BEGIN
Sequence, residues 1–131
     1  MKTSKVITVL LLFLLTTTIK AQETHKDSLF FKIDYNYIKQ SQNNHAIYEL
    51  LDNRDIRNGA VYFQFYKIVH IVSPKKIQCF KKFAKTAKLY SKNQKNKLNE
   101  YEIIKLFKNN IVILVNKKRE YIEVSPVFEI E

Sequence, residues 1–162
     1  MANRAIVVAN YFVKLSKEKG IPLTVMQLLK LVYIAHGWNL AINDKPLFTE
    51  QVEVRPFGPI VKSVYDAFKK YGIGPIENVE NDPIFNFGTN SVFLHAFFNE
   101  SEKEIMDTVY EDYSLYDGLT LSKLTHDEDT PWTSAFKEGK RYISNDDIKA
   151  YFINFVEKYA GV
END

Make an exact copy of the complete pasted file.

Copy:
Sequence, residues 1–131
     1  MKTSKVITVL LLFLLTTTIK AQETHKDSLF FKIDYNYIKQ SQNNHAIYEL
    51  LDNRDIRNGA VYFQFYKIVH IVSPKKIQCF KKFAKTAKLY SKNQKNKLNE
   101  YEIIKLFKNN IVILVNKKRE YIEVSPVFEI E

Sequence, residues 1–162
     1  MANRAIVVAN YFVKLSKEKG IPLTVMQLLK LVYIAHGWNL AINDKPLFTE
    51  QVEVRPFGPI VKSVYDAFKK YGIGPIENVE NDPIFNFGTN SVFLHAFFNE
   101  SEKEIMDTVY EDYSLYDGLT LSKLTHDEDT PWTSAFKEGK RYISNDDIKA
   151  YFINFVEKYA GV